In 2012, the top-flight Economic Journal published an article by my former CGD colleagues about the impact of foreign aid on economic growth in receiving countries. It is called Counting Chickens When They Hatch: Timing and the Effects of Aid on Growth (ungated version on cgdev.org). The journal’s publisher, the Royal Economic Society, awarded the authors its annual prize for best article. I think you’ll see why, if you read the paper. It’s sharply written and firmly argued, yet judicious in its conclusions.
Those conclusions are that “aid inflows are systematically associated with modest, positive subsequent growth”; and that “the most plausible explanation is that aid causes some degree of growth in recipient countries, although the magnitude of this relationship is modest, varies greatly across recipients and diminishes at high levels of aid.”
One of my first projects at CGD was to assist Bill Easterly and Ross Levine in replicating and questioning (ungated) an older paper favoring the theory that aid causes growth. Perhaps this baptism into econometrics permanently converted me to skepticism. Perhaps it merely reinforced my distrust as a mathematician of a structural tendency in the social sciences to use equations full of Greek letters to claim objectivity and superior insight. At any rate, I’ve doubted such aid-growth studies ever since.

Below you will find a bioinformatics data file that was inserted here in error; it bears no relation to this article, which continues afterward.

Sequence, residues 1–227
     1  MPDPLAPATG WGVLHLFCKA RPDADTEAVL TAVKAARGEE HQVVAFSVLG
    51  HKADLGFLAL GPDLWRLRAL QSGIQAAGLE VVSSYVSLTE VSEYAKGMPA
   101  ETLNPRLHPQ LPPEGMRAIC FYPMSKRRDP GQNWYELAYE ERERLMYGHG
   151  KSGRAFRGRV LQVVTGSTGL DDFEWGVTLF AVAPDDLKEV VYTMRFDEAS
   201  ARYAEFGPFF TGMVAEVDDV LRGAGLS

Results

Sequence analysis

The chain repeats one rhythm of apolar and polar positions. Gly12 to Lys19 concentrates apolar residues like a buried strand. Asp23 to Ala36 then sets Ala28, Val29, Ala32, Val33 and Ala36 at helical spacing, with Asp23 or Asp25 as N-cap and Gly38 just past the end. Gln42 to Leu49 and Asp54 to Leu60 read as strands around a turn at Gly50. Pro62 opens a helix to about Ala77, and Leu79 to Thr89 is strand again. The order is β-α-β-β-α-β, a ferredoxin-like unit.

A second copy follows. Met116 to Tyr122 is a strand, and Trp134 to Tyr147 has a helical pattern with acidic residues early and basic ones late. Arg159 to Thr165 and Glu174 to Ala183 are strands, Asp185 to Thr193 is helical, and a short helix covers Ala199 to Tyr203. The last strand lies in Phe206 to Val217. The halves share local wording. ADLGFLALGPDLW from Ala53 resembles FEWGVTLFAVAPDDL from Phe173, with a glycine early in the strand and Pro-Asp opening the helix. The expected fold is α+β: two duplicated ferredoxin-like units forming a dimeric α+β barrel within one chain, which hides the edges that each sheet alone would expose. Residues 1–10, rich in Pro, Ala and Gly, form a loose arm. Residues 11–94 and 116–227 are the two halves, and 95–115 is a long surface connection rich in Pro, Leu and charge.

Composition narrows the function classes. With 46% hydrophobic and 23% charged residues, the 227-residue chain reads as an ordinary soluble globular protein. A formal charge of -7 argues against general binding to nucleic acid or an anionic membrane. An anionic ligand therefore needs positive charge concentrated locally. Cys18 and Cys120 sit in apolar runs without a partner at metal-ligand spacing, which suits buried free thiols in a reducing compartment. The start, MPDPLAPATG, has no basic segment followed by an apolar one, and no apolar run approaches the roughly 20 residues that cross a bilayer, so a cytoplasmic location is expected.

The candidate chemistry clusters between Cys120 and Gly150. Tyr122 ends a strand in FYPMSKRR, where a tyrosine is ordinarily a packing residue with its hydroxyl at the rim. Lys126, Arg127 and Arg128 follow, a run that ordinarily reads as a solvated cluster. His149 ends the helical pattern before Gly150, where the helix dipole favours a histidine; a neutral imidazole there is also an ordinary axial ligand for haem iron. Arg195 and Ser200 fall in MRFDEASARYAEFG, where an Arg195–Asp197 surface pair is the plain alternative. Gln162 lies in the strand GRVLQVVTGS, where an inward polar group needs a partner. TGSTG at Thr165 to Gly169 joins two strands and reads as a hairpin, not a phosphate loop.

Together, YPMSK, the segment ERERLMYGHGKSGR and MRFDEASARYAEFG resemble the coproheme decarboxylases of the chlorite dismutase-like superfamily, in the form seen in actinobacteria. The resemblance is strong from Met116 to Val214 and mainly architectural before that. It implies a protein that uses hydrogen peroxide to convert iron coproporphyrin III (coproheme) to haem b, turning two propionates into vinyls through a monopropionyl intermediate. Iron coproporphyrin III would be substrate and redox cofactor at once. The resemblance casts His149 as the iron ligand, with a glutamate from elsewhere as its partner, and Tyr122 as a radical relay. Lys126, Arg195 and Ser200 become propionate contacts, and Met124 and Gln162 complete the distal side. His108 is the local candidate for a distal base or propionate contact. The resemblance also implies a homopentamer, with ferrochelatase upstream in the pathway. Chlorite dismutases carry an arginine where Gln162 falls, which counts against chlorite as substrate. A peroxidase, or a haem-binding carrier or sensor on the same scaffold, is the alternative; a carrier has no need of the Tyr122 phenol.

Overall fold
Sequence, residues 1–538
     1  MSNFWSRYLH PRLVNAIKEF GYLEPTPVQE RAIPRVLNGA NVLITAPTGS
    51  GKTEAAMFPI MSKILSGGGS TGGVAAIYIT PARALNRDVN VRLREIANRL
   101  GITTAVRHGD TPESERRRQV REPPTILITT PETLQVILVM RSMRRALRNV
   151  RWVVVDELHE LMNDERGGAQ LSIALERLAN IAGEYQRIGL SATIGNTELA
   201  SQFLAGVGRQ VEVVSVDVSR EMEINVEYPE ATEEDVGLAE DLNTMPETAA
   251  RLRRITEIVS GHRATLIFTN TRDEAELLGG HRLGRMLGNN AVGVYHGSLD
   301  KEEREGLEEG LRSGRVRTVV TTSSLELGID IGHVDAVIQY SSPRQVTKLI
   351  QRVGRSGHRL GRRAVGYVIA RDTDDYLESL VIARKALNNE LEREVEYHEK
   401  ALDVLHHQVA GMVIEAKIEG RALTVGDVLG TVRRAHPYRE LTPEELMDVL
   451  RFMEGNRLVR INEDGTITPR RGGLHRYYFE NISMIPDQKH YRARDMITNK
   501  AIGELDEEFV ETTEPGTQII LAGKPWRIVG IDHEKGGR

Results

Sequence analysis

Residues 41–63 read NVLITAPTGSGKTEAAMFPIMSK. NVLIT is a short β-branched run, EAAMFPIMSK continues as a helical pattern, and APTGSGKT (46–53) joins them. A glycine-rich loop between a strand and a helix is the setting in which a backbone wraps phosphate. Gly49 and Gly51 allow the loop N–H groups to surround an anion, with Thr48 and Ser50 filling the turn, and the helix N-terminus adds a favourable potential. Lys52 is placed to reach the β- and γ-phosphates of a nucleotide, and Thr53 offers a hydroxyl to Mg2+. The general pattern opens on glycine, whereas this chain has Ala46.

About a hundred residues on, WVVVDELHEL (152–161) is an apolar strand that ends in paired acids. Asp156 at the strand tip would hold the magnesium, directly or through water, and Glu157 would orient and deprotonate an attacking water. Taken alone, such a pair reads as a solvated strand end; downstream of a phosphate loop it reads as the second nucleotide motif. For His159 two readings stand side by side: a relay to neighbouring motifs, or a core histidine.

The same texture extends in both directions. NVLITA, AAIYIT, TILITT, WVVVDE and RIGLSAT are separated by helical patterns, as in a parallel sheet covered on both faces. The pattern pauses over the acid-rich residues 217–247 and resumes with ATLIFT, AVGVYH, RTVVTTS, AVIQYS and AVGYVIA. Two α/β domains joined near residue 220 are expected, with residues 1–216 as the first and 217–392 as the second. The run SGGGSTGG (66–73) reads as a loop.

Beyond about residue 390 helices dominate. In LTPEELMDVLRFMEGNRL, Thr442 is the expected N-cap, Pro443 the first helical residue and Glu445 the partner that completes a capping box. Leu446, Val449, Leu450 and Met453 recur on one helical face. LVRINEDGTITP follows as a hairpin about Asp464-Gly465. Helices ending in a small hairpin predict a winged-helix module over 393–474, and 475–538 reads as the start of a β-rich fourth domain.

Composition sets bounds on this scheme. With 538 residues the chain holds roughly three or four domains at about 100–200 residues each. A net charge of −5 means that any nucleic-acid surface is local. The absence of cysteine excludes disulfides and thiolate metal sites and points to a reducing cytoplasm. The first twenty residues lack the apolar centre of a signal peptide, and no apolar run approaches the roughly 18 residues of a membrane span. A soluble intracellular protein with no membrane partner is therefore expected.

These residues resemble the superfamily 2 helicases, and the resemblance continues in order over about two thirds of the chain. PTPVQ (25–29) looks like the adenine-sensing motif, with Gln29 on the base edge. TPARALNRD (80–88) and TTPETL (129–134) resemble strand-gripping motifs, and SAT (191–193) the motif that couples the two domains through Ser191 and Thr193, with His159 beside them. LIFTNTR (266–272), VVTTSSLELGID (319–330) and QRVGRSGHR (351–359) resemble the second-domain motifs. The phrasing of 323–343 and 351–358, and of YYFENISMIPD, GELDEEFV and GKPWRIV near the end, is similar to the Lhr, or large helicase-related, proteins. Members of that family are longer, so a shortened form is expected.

Here is a comment that explains why I’m not persuaded by “Counting Chickens.” A version of this comment has been accepted for the new replication section of the Public Finance Review. Here is the code needed to reproduce the results. It runs off the CRBB data sets.
Perhaps the authors of “Counting Chickens” will respond. And perhaps they will change my mind. For now, this paper represents the state of my understanding.